University exams can be daunting. They are very different from school exams. There is often more material, but fewer questions. An entire semesters worth of material can sometimes be assessed on the basis of two essay questions. To do well, you need to construct a solid and convincing argument, and often need to cite specific literature, including the author and date of the research. This can seem impossible if you have never done it before!
In my first year of exams at University of Edinburgh, I barely understood the expectations of my exams let alone how to do well on them. Over the next three years I improved my approach to exam revision and by my final year, I achieved firsts on all my exams.
Here I share my exam revision method. It is important to remember that everyone is different, so it is important to find an approach that works for you. But this is what worked for me, and if you are intimidated or have found yourself struggling, it could work for you too!
This one is pretty simple. Go through the lectures, tutorials, your own notes, and your coursework. Make a new set of notes that outlines the whole module, including key ideas, concepts, research and readings (highlighting readings which you havent done would be helpful at this stage!).
Even if you will only need to know a couple of topics for the exam, courses are often designed so that all parts are connected in some way. Having a good understanding of the overall course will be helpful in understanding topics in greater detail. This is also a good way of spotting which aspects you are stronger or weaker on. If there is a part of the course you are struggling with, you can meet with your tutor to review these.
By this stage, it should be safe to look at the past papers without risk of causing a panic attack you will have just reviewed the whole module will likely have at least an understanding of what the question is asking and what you might say, if not an idea for an argument.
When looking at past papers, I like to copy and paste relevant questions into a word document (sometimes the syllabus changes and it will be clear that a question or two was not covered this year). This allows you to more easily look at the past few years all together, and cluster questions by topic. Sometimes you will see exact questions repeated over the years! This gives you a good direction for the rest of revision. You can choose topics/questions that have come up frequently and study those in more detail. If the exam involves picking two questions from a choice of six, I would recommend choosing for questions to revise.
Once you have your topics picked out, its a great idea to go beyond the compulsory reading list to the optional or further readings section of the syllabus. Discussing further reading in an exam essay is a sure fire way to impress the marker! You can add notes from these readings to the module guide from step 1.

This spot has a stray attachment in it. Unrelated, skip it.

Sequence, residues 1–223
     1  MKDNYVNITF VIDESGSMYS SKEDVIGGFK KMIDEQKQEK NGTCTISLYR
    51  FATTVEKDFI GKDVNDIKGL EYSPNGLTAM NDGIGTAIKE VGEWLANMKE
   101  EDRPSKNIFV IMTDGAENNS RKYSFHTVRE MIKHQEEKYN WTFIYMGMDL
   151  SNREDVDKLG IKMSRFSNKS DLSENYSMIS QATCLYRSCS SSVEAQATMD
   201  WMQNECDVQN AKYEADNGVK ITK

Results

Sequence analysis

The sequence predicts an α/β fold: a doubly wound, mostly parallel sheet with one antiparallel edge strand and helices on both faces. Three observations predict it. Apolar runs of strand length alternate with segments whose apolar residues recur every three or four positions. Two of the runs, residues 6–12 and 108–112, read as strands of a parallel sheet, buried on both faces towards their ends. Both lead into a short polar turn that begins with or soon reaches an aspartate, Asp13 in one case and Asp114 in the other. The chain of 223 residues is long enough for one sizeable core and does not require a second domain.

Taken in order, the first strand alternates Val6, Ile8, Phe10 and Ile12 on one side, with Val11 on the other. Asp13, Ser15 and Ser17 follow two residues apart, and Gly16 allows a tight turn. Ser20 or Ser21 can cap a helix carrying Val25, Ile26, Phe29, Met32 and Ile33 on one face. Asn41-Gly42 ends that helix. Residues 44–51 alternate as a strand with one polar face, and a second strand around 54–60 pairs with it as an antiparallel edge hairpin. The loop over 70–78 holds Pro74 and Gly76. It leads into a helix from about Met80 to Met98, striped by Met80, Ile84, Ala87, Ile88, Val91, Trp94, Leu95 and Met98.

Another tip at this stage you will only need to know the key findings from the research. You probably will not have enough time in the exam to discuss readings in detail. So you have permission to skip the complicated methods section just know the context, key findings, authors and year!
With additional reading now included in the module guide, you can make a condensed set of notes of just the topics you have chosen to focus on. This might include definitions, and key readings with a sentence or two about the findings. I like to hand write these writing by hand has been proven to help you remember things! You can make it more fun by adding coloured pens.
It is really helpful to make flashcards, particularly for the readings. Having the authors and date on one side with the key findings on the other is a great way to commit the literature to memory. I like to use online flash cards there are websites you can use to make them and that have different games you can play with them. Its a great break from all the reading and writing!
Make essay plans including thesis, key arguments, and papers that support those arguments
Choose some of the questions from the past papers and make plans for how you would respond.
I like to break the essay down into five or six parts:
Each argument and the counterargument should be complemented with the readings. It is helpful to think about the readings in how they support specific arguments.
Play with the flashcards and rewrite the plans until they are committed to memory!